Appellant further contends that since the good will of appellant's business was not mentioned in the agreement it was not transferred and that appellant is entitled to continue in the business. ‘A contract may be explained by reference to the circumstances under which it was made, and the matter to which it relates.’ Civil Code, sec. 1647. When a person sells the contents of a store and agrees not to engage in the same business in the same city as long as the purchaser continues in business, the contract is construed as carrying with it the good will of the business. Shafer v. Sloan, 3 Cal.App. 335, 337, 85 P. 162; Streeter v. Rush, 25 Cal. 67, 72. If the property and business to which a good will adheres are transferred, the good will passes to the transferee as an includent although not specifically mentioned in the contract of sale. 38 C.J.S., Good Will, § 8, p. 955; 24 Am.Jur. p. 810, sec. 13. Since appellant sold to respondent all salable goods, all tools and equipment used in the manufacture of orchard heaters, and all literature, plates, cuts and half tones used in advertising, the good will adhered to the property sold and was transferred with it.
The law in force at the time the contract was executed became a part of the contract and it is presumed that the parties contracted with knowledge of the law. On the date of the contract sections 1673 and 1674 of the Civil Code were in effect. These provisions with slight modifications are now sections 16600 and 16601 of the Business and Professions Code. As authorized by said sections of the Civil Code appellant, having transferred the good will of his business, agreed to refrain from carrying on a similar business for a period of ten years. He contends that that portion of his agreement was void because it did not, as required by section 1674, specify the territory within which he agreed not to carry on his business. If such a contract is indefinite as to time or territory the court will construe it in such manner as to make it valid. If the contract is unrestricted as to the territory in which the seller agreed to refrain from competition with the purchaser of his business, or if it includes more territory than that provided by law it will be construed to be operative within the county or portion thereof in which the business as located. City Carpet, etc., Works v. Jones, 102 Cal. 506, 512, 36 P. 841; Stephens v. Bean, 65 Cal.App. 779, 783, 224 P. 1022; General Paint Corp. v. Seymour, 124 Cal.App. 611, 614, 12 P.2d 990. And if the agreement is indeterminate as to the period of its operation, or is without time limit, the court will construe it to cover the time permitted by law. Gregory v. Spieker, 110 Cal. 150, 153, 42 P. 576, 52 Am.St.Rep. 70; Brown v. Kling, 101 Cal. 295, 298, 35 P. 995. In the instant case the contract did not specify the territory in which appellant agreed that he would not engage in business. Prior to the sale appellant's business had been carried on in Los Angeles County and after the sale respondent conducted his business in the same county. The court construed the contract to be limited to the territory in which the parties respectively had conducted their business and restrained appellant from infringing on respondent's business in Los Angeles County. We find no error in the restraint thus imposed on appellant.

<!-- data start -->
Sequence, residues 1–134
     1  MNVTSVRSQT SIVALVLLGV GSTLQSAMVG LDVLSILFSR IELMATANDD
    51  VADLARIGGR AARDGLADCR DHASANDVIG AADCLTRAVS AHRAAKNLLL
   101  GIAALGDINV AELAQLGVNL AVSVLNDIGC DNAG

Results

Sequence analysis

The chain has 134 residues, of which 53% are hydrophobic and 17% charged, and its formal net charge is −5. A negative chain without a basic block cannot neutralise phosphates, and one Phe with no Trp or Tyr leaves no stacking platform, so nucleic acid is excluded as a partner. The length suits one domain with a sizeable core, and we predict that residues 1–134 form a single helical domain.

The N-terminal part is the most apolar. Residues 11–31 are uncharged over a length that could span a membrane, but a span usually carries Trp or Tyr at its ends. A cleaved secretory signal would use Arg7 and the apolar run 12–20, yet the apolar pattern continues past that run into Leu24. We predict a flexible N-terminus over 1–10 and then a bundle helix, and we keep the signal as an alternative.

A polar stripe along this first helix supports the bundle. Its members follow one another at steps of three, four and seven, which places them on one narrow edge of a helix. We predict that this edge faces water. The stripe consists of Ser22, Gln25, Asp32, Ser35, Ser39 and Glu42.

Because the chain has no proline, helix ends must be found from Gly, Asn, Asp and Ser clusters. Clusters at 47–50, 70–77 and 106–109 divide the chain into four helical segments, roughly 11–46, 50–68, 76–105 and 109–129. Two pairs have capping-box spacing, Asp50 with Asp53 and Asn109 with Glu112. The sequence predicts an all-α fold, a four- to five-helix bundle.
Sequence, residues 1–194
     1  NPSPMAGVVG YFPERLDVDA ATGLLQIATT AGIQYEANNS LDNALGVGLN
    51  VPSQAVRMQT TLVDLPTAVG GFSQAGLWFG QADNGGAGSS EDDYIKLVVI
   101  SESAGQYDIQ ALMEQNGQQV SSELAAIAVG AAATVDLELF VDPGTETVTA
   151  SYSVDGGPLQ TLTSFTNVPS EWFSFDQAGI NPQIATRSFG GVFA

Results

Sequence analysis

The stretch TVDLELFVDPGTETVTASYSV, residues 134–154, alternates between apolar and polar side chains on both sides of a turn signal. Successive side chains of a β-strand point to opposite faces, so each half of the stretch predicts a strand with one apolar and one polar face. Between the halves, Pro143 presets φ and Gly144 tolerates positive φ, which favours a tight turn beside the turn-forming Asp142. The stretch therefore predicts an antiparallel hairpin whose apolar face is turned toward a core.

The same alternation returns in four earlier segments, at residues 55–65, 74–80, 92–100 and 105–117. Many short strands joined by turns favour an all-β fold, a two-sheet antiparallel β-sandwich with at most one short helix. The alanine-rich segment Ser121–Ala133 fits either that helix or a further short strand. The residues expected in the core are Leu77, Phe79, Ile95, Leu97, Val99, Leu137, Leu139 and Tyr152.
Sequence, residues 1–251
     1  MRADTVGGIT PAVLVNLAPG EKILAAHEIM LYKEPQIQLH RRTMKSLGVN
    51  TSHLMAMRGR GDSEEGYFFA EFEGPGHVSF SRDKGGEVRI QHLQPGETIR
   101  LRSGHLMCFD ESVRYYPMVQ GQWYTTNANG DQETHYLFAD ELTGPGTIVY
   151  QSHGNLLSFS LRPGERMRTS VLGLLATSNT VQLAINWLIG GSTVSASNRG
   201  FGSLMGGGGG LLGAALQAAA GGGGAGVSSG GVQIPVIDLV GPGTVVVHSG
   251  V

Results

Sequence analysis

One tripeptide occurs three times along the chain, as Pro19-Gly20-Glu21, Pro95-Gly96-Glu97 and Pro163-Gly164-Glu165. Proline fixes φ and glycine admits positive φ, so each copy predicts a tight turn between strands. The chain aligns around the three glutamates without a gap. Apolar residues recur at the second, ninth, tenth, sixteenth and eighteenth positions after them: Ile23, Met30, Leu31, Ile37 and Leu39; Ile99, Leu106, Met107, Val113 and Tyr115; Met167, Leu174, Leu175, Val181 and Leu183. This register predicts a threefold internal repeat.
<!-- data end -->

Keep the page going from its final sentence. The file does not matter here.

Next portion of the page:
That part of the injunction restraining appellant from using the name Fugit in any form in the installation of orchard heaters is surplusage and unobjectionable. Since he is restrained from doing any orchard heater business in Los Angeles County for the period prescribed in the contract he will obviously be unable to use his name in such business or to advertise in his own or any other name. Since the inhibition on the transaction of business and the use of appellant's name is limited to Los Angeles County he is free to engage in the same or a similar business in his own name anywhere outside the county.
After the signing of the contract appellant gave permission for the use of his name to Wm. H. Fabry in a similar business carried on by the latter. Respondent testified that when he purchased the business he especially desired to obtain the right to use the name of Fugit Orchard Heater because the name Fugit was valuable in connection with that business. The contract did not convey the right to use the name and there was no agreement that respondent should have such right or privilege or that appellant would not permit the name to be used by others.
At the date of the contract section 992 of the Civil Code read as follows: ‘The good-will of a business is the expectation of continued public patronage, but it does not include a right to use the name of any person from whom it was acquired’; and section 993 provided: ‘The good-will of a business is property, transferable like any other, and the person transferring it may transfer with it the right of using the name under which the business is conducted.’ These provisions are now in sections 14100 to 14103, inclusive, Business and Professions Code. Although appellant might have transferred the right to the use of his name (sec. 993) he did not do so, and as a result of the omission of such provision from the contract respondent did not acquire the right to use the name. Sec. 992.
Since appellant did not transfer and respondent did not acquire the right to use the name, the permission given to Fabry was not in violation of the agreement. Fabry is not a party to this action, and since the question is not presented we express no opinion as to whether he is an agent or associate of appellant and as such is within the terms of the injunction.
The judgment is modified by adding the following to the last paragraph thereof: ‘provided that defendant is not enjoined from permitting the use of his name by other persons in the manufacture and distribution of orchard heaters on the condition that he shall not be connected, directly or indirectly, with the business in which his name, is used and does not either solicit business for such persons or do any act that is injurious to respondent's business.’ As so modified the judgment is affirmed.
MOORE, P. J., and McCOMB, J., concur.